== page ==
2020 Iowa Democratic caucuses live results

Last Updated: Feb 18, 2020 at 7:49 p.m. EST

The Iowa Democratic Party has released 100 percent of results from the caucuses. State delegate equivalent figures show how support from caucus-goers after realignment roughly translates into the number of delegates each candidate will get at the state convention. That figure then translates into how many of the 41 pledged national delegates each candidate will get. In previous years, the Iowa Democratic Party reported only state delegate equivalent figures.

The state Democratic Party created a few different rules for 2020’s first-in-the-nation caucuses, allowing satellite caucuses and decreasing some of the caucus-goers’ chances to candidate-switch. At caucus sites, Iowa Democrats stood in groups to show support for candidates; any candidate without 15 percent support at a site was considered not viable. Their supporters could leave; move to a viable candidate; or try to create a group that hit that level. But they got just one chance to realign this year.

The winners of the past three Democratic caucuses in Iowa have gone on to become the party’s nominee: John Kerry in 2004, Barack Obama in 2008 and Hillary Clinton in 2016. Voting in this year’s contest resumes Feb. 11, when New Hampshire holds its primary.

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Davenport

Waterloo

Council Bluffs

Cedar Rapids

Des Moines

Bernie SandersLEAD/WON

Joe Biden

Pete Buttigieg

Elizabeth Warren

Amy Klobuchar

Tie

CandidatePct.SDEsSDEsDel.
Pete ButtigiegButtigieg
26.2%563.2014
Bernie SandersSanders
26.2563.0812
Elizabeth WarrenWarren
18.0387.828
Joe BidenBiden
15.8339.636
Amy KlobucharKlobuchar
12.3263.811
Andrew YangYang
1.021.870
Tom SteyerSteyer
0.36.640
Michael BloombergBloomberg
0.00.200
Tulsi GabbardGabbard
0.00.110
Michael BennetBennet
0.00.000
Deval PatrickPatrick
0.00.000
OtherOther
0.00.690
UncommittedUncommitted
0.23.750
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Total SDEs from 100% of precincts2150.80

Where candidates did well

Many counties in Iowa are sparsely populated. Here are the parts of the state where the main candidates racked up their vote totals.

Sanders

Davenport

Waterloo

Council Bluffs

Cedar Rapids

Des Moines

Biden

Davenport

Waterloo

Council Bluffs

Cedar Rapids

Des Moines

Buttigieg

Davenport

Waterloo

Council Bluffs

Cedar Rapids

Des Moines

Warren

Davenport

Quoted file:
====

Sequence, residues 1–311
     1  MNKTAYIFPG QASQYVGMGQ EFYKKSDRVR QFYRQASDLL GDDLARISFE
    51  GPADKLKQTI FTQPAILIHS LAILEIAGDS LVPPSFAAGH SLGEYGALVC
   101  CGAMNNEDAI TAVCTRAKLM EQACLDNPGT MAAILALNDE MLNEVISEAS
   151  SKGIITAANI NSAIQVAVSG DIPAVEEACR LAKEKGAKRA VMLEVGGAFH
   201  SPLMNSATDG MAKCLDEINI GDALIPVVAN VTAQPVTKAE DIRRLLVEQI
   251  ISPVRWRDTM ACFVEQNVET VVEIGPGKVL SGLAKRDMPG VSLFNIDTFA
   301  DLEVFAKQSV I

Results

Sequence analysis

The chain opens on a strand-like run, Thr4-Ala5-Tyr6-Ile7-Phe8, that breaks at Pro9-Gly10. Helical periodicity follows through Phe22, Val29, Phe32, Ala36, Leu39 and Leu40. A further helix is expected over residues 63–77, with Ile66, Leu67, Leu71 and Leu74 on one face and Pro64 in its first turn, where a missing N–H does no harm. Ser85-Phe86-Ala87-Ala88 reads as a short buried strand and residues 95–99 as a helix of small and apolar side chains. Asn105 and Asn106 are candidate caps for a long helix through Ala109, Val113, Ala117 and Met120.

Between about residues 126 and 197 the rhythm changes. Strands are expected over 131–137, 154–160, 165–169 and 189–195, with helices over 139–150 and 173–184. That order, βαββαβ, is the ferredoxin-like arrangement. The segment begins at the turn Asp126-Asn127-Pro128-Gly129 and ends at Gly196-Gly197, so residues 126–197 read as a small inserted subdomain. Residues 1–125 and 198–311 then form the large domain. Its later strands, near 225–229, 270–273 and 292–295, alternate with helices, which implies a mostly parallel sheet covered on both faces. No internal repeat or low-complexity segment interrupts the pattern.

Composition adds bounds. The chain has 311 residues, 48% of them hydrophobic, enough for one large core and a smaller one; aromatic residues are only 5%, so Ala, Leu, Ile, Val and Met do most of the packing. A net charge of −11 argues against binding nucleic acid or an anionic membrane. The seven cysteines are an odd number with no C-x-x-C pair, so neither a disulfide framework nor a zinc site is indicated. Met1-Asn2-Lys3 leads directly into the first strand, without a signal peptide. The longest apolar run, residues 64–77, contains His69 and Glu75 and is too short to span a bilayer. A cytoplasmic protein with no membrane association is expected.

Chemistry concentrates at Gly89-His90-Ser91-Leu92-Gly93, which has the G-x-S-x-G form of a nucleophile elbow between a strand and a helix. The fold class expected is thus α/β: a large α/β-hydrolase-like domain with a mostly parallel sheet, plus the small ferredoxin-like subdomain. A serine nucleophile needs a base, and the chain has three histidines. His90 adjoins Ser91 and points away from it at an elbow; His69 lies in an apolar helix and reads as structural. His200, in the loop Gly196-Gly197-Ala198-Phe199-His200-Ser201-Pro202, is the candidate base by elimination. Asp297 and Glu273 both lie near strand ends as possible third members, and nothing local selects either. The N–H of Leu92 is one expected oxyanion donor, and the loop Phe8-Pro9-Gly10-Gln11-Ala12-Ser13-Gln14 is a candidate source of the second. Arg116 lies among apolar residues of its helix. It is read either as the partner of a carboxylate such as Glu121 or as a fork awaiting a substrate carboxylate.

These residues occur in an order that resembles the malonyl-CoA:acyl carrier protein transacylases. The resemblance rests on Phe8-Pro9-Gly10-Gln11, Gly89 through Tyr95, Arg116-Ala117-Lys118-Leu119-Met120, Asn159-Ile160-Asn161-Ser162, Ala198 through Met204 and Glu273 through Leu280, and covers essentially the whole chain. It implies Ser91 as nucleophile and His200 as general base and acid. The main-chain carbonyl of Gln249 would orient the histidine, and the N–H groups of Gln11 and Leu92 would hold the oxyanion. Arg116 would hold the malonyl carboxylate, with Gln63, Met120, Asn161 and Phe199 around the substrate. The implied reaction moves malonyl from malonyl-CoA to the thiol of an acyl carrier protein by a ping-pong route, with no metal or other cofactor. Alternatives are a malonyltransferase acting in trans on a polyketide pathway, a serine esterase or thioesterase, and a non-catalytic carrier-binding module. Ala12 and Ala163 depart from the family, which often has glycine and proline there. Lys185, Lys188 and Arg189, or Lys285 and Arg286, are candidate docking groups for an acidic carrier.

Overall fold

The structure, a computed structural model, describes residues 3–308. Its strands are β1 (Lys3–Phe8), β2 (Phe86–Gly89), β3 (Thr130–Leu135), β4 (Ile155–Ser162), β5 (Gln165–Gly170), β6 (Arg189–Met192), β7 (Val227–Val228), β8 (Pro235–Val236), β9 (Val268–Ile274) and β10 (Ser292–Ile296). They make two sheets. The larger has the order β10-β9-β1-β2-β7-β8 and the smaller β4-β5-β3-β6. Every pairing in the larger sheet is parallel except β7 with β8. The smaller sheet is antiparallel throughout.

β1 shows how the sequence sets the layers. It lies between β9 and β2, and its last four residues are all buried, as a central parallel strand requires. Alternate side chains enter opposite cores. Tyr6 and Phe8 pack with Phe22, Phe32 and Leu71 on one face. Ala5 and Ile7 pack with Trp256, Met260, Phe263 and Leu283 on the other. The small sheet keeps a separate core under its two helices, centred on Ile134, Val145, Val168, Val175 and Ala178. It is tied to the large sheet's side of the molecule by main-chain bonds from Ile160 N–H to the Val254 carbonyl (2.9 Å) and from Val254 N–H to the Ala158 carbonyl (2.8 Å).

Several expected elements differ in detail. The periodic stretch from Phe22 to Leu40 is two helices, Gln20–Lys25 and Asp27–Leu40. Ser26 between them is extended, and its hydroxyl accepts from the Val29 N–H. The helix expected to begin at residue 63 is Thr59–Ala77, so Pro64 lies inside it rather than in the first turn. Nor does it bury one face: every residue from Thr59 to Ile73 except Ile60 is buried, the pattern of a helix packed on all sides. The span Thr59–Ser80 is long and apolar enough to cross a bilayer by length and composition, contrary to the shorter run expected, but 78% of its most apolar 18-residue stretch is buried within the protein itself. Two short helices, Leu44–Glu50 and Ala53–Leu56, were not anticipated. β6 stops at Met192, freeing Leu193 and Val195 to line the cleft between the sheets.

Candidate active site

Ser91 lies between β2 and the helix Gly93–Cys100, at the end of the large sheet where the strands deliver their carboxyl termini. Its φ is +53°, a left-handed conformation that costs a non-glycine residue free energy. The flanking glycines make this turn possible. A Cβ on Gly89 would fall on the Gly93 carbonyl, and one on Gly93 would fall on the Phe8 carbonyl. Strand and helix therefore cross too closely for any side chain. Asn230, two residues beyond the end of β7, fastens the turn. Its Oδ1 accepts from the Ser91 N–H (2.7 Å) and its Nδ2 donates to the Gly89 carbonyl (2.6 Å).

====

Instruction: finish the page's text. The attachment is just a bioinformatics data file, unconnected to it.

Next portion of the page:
Waterloo

Council Bluffs

Cedar Rapids

Des Moines

Klobuchar

Davenport

Waterloo

Council Bluffs

Cedar Rapids

Des Moines

County breakdown

In 2016, Hillary Clinton defeated Bernie Sanders in a tight contest. Here’s a breakdown of how 2020 candidates performed in the counties that Clinton won vs. the counties that Sanders won that year, as well as a breakdown by urban, suburban and rural counties.

Counties favoring Sanders in 2016

29.3

Sanders

11.0

Biden

22.6

Buttigieg

22.1

Warren

12.5

Klobuchar

2.3

Counties favoring Clinton in 2016

22.3

Sanders

16.7

Biden

28.8

Buttigieg

18.5

Warren

11.8

Klobuchar

2.0

Rural counties

23.7

Sanders

15.0

Biden

23.7

Buttigieg

16.4

Warren

17.1

Klobuchar

4.2

Suburban counties

22.4

Sanders

18.7

Biden

30.9

Buttigieg

13.1

Warren

11.5

Klobuchar

3.3

Urban counties

27.1

Sanders

12.4

Biden

24.6

Buttigieg

22.6

Warren

11.6

Klobuchar

1.6

First and second alignments

Iowa’s Democratic caucuses have two rounds: First, caucus-goers stand in groups to show their support for a candidate. Any candidate who does not hit the specified support threshold — usually 15 percent — in that caucus site is considered not viable; so in the second round, caucus-goers can realign or move to a group that is viable, try to create a new viable group or leave. The Iowa Democratic Party has released results from that first round and the second one, after caucus-goers moved.

VotesPercent
Candidate1st alignment2nd1st alignment2ndShift
Bernie Sanders43,69845,83124.7%26.5%+1.8
Pete Buttigieg37,59543,27321.325.1+3.8
Elizabeth Warren32,60934,93218.520.2+1.7
Joe Biden26,32323,63114.913.7-1.2